Enormous. East Germany had the old German tradition, a very dark sound, but in West Germany you had woodwind players and many foreign musicians who had studied in France and America, while in East Germany there were only East Germans. West Germany is very Americanized, and the American influence is stronger than in Italy or France and I am thankful for the years there. But then I decided to be freelance, and that suddenly opened all sorts of possibilities. I conducted in Canada and in many other places for the first time, and was offered a concert in Melbourne, Australia. After I conducted there I became chief conductor and artistic director of the Melbourne Symphony Orchestra, and since then I have conducted a lot in South Asia, in Japan, and in China.
“I always dreamt of being freelance, and I have realised that.”
Do you have a favourite composer?
I surely have two. One is Verdi and the other is Shostakovich, who died one year before I went to the Soviet Union, but is part of all our music history and means a great deal to me. I have conducted all his operas, and with the Verdi Orchestra in Milan I made the first recording in Italy of all the Shostakovich symphonies. I have conducted Shostakovich everywhere!
Verdi gave me so much, he is so human. It’s incredible the evolution of this man who was born in the provinces, in Busseto, where there was almost no music. His first opera sounds like the local band in Busseto and the last operas sound like Debussy. You hear two bars and you know it’s Verdi. It can be early Verdi or late Verdi, but there he is, really universal. Verdi said that if you want to be modern you have to study the old masters, and he quotes Palestrina and Monteverdi, all of that is in his music.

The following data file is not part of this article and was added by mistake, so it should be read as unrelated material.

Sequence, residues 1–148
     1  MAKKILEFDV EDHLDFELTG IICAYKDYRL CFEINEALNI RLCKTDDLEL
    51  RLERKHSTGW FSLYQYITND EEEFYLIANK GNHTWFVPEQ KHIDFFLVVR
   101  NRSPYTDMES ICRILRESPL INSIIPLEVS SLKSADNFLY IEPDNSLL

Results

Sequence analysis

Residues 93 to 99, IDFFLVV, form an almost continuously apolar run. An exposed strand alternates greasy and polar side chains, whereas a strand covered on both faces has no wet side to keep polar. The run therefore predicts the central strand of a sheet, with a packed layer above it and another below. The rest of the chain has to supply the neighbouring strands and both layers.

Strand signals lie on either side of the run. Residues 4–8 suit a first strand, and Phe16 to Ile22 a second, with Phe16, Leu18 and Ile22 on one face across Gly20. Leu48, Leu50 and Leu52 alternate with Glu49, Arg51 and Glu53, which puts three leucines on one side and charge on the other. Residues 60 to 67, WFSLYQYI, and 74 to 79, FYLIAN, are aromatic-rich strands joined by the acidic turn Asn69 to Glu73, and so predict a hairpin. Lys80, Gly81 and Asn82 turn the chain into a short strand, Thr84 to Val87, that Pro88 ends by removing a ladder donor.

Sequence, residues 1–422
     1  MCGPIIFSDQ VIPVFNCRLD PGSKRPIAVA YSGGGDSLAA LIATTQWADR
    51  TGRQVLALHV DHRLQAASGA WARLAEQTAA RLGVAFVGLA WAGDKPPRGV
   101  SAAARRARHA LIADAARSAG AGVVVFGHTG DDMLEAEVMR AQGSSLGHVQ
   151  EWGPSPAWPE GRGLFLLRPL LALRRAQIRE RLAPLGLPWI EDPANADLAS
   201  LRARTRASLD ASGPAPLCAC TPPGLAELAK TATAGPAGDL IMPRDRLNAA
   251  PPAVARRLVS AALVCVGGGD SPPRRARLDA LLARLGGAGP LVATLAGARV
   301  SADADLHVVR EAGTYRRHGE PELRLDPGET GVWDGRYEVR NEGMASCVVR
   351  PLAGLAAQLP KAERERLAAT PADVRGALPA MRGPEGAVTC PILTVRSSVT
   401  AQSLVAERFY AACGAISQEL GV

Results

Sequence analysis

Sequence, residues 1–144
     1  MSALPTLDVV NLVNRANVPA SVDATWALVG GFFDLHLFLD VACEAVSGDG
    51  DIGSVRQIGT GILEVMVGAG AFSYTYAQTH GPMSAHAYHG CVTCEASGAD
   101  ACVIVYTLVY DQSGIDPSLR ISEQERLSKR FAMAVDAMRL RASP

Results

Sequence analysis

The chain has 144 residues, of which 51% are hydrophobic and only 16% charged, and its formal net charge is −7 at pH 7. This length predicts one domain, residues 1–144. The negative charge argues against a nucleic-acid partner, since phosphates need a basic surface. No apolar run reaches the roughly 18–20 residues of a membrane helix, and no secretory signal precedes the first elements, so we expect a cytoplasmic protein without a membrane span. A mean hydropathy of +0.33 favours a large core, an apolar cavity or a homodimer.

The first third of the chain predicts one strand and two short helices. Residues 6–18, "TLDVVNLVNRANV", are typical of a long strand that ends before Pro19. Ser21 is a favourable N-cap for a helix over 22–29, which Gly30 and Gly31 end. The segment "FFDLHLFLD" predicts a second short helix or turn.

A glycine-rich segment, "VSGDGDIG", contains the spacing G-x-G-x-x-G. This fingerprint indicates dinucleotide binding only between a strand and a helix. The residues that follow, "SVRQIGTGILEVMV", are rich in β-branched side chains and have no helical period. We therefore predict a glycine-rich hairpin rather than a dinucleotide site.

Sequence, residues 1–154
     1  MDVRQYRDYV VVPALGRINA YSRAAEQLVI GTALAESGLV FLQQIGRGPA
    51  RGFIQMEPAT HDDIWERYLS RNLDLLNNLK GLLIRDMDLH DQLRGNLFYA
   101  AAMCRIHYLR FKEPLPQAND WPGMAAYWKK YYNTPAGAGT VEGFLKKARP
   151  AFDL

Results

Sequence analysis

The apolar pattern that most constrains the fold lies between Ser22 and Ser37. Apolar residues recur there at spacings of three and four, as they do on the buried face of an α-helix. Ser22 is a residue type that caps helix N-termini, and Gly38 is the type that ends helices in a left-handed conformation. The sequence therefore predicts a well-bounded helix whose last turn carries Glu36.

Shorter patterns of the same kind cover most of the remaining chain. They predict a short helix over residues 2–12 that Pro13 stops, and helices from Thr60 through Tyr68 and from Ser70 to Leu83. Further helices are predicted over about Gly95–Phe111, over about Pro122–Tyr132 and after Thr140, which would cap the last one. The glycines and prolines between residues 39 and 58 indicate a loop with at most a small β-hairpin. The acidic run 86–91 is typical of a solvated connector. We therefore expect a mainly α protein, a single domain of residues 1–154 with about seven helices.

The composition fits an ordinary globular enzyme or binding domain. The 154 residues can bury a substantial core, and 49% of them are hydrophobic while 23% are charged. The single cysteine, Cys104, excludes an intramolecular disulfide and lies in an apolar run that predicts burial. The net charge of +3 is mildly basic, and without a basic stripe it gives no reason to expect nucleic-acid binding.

As a freelance conductor you have lived like a nomad. Do you like that?
No, not at all. I am very conservative in my lifestyle and like to be in the same place. Now my second wife Susanna and I live in London with our daughter. My daughters from my first marriage come to London, and we all love London. It’s a great town for music, and for pop music is really the world capital.
How did you come to marry an Italian woman?
I was doing a benefit concert in Florence for my cousins and Susanna was a pianist and we met like that. After two days I said, “You are the love of my life.” We remain together and it’s so very romantic.
And yet you live in London not Florence?
It was my dream to live in London since when I was five years old and my parents had a tour to do and left me with a young couple in Brighton for three months. When they came to fetch me and asked how it was I said I wanted to come back, and I came back to England every summer and that’s when I learnt English. I realised my dream after I left Melbourne, but we also have an apartment in Florence where I go to concentrate and to prepare myself alone.
It is not very easy to be a conductor. What is your work today?
Every conductor has a different dream. Some dream of a fixed position and they do manage to get fixed positions. I always dreamt of being freelance, and I have realised that, for example working with Covent Garden and La Scala, both in opera and in concert. For me it’s very important not to specialize oneself.
Do you prefer conducting a concert or an opera?